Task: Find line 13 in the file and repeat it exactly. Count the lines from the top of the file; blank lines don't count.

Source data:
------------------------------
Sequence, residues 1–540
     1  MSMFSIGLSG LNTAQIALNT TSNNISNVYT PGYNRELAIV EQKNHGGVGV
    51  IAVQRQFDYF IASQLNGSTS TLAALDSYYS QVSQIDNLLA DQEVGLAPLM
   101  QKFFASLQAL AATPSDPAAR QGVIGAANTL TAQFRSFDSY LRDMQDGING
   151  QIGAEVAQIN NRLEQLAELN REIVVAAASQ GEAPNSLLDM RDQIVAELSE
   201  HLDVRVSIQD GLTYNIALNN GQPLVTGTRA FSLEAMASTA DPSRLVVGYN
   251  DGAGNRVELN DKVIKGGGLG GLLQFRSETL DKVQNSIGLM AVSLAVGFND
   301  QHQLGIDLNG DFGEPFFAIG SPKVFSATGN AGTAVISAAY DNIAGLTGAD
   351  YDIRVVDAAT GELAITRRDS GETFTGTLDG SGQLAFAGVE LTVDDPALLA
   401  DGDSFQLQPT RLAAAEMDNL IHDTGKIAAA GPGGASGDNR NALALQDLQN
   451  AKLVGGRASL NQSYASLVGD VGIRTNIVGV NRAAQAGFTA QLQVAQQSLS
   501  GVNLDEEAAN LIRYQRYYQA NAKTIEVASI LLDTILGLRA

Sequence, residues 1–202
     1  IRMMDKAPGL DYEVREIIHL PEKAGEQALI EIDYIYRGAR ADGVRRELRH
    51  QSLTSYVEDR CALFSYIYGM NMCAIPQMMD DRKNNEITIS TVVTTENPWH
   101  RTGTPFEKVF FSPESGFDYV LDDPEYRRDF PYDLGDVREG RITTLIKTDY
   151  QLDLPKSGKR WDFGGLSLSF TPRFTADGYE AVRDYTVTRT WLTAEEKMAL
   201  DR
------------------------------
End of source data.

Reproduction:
Sequence, residues 1–202